Shockvertising: Is Pedigree starved for attention?

For Pedigree, all dogs will have their day.

Last week, Pedigree began posting photos of a malnourished canine, Duke, rescued by the Animal Welfare League in Chicago, to its 11,000 Twitter followers and more than 1 million Facebook followers. Pedigree’s intended purpose was to show how the dog has gradually gotten healthier by eating their dog food.

Pedigree’s tweets and Facebook posts (garnering several hundred to several thousand likes, favorites and retweets apiece)  link to a website showing Duke’s three-week transformation. Readers can scroll from a scrawny Duke to a more healthy-looking pooch. Users can mouse over key areas of the dog’s body to bring up health tips about the dog’s body, showing what to look for as a health indicator in a dog’s coat or muzzle.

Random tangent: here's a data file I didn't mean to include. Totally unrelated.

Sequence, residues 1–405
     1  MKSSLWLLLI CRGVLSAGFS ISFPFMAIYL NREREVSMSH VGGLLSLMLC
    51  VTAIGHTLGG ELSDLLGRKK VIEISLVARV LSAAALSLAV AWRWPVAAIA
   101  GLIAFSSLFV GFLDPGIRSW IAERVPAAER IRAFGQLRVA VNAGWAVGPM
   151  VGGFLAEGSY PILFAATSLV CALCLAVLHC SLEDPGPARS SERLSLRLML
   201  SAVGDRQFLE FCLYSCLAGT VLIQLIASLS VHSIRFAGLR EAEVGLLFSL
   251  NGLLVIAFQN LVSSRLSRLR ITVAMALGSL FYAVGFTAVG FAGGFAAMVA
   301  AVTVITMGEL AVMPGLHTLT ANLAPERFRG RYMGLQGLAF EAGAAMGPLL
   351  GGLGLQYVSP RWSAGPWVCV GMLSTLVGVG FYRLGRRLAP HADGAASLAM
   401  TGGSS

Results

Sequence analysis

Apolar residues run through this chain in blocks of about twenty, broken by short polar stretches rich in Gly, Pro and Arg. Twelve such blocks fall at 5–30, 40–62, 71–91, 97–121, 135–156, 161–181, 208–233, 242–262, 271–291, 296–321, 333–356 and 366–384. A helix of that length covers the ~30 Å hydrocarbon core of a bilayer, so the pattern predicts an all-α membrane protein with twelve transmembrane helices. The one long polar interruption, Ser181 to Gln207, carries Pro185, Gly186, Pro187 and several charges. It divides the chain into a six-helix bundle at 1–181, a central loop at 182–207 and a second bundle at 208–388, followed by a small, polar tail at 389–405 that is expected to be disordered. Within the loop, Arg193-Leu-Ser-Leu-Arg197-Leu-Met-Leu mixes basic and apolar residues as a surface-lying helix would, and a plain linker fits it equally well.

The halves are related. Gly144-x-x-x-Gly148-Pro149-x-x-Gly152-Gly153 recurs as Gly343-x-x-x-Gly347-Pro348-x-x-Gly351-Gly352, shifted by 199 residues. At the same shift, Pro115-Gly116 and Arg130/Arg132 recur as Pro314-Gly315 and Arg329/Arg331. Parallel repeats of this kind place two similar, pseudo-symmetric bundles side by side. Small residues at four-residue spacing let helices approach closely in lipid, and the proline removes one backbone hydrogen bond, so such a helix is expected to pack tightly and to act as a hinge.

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“The campaign allowed us to go behind-the-scenes to see the real-life transformation stories of shelter dogs,” wrote Tierney Monaco, Pedigree’s marketing director in a recent press release. Duke’s multimedia-enhanced story is the next step in a Pedigree’s campaign launched earlier this year, “See what good food can do.”

Perhaps predictably, not everyone loved the idea of Pedigree posting photos and videos of a sick dog all over social media:


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Maybe all is well that ends well, though: Pedigree has tweeted that Duke has since been adopted. Digiday reached out to Pedigree but has yet to receive a response.

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